Brett van Niekerk, senior lecturer from the University of KwaZulu-Natal.

Brett van Niekerk, senior lecturer from the University of KwaZulu-Natal.

Cyber crime presents unique challenges when it comes to issues such as jurisdiction and state sovereignty. Cyberspace spans not only national but also international boundaries, and with no jurisdictional regulation, it is complex to govern and control.

Cyber crime is a major global risk, but there is a massive law enforcement gap. Not only is much crime unseen, but the chances of these crimes being successfully investigated and prosecuted are infinitesimal. And considering cyber crime costs the global economy hundreds of billions of rands each year, this is a major problem.

Governance is needed to more effectively deal with cyber crime, and additional clauses are being added to various governance frameworks to try and ensure organisational accountability, to better secure organisations against cyber crime and cyber attacks.

This is according to Dr Trishana Ramluckan, researcher, and Brett van Niekerk, senior lecturer, from the University of KwaZulu-Natal, who will jointly present on "Cyber law and governance in an age of cyber attacks and cyber crime", at ITWeb Security Summit 2019, to be held from 27 to 31 May, at the Sandton Convention Centre.

According to the speakers, the recent surge in privacy legislation such as GDPR and POPI (and the Cyber Crimes Bill) is resulting in a need for various industry sectors to interpret the legislation and apply this through governance in a way that is applicable to their specific sector.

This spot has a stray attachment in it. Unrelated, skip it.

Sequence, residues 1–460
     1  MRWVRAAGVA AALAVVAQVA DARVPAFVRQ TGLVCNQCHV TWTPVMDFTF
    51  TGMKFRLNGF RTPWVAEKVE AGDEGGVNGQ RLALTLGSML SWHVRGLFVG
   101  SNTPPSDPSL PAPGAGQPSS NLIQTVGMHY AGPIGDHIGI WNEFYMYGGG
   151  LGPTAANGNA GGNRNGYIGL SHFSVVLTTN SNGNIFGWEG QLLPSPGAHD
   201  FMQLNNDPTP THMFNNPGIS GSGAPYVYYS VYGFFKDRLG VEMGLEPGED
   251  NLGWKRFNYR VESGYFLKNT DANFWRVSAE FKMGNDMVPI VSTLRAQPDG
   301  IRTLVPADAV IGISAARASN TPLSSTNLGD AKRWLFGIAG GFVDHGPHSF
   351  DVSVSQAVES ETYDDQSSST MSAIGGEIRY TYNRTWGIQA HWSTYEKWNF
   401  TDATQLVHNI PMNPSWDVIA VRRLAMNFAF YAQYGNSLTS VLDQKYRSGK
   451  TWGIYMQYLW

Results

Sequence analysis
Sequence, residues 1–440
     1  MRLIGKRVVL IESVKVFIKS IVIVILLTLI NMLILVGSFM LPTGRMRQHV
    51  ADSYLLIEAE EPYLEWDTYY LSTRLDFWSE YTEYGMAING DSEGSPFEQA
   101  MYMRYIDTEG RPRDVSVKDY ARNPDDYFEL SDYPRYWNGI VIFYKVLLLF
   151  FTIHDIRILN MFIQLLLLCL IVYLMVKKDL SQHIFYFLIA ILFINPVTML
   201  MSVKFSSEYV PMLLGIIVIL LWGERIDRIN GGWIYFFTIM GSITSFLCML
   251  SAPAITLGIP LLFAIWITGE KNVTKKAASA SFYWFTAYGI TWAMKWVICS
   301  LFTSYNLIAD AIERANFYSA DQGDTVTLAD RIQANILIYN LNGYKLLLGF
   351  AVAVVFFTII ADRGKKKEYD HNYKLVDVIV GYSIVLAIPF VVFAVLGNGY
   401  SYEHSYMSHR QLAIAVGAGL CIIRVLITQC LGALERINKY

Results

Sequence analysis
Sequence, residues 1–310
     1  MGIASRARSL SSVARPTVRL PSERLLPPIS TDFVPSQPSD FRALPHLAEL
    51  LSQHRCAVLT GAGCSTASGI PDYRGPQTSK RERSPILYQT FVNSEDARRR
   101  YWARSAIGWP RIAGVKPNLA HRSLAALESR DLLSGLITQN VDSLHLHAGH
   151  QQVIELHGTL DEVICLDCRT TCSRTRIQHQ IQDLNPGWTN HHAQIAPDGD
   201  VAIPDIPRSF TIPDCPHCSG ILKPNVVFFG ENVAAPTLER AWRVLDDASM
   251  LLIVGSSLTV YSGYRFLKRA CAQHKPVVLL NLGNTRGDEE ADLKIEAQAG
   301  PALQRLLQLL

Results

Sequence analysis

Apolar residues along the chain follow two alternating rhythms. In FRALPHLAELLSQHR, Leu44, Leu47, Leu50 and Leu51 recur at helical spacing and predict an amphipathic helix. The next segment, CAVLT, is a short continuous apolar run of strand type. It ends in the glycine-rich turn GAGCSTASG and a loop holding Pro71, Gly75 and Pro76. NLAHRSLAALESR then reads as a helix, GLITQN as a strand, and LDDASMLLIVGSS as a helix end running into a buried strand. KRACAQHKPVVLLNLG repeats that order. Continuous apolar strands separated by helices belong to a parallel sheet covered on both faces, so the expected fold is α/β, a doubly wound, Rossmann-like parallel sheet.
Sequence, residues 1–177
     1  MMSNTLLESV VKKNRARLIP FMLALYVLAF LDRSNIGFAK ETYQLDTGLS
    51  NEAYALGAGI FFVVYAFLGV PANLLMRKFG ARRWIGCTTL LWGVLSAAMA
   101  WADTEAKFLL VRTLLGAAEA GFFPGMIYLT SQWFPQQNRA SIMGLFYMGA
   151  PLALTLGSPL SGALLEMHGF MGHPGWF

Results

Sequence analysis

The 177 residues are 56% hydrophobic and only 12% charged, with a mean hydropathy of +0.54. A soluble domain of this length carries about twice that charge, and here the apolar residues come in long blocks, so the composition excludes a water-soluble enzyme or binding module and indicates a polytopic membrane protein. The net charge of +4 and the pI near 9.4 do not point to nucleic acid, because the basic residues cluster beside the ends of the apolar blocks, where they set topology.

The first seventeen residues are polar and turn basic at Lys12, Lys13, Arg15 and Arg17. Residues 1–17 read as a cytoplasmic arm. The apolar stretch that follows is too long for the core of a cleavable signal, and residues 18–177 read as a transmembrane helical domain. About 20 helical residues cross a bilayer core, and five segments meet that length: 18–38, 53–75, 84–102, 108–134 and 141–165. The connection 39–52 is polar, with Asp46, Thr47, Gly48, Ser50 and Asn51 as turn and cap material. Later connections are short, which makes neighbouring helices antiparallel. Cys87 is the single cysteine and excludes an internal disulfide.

The increasingly stringent regulatory environment has also created another challenge concerning the right to monitor online activity and gather user information. "Although most legislation regarding cyberspace falls within the ambit of privacy or criminal law, this still presents challenges for organisations that are victims of international or state-backed cyber attacks."

These challenges need effective legal regulation to address cyber security, its technical and social complexities, including legislative frameworks, together with collaboration with the global communities, the private sector, professional educational and capacity-building.

During their presentation, Van Niekerk and Ramluckan will discuss the legal challenges related to cyber security, provide an overview of international legal frameworks and guidelines, and the implications for organisations, as cyber security is becoming a major concern as new technology models, combined with a greater dependency on technology, are driving changes in companies' approach to security.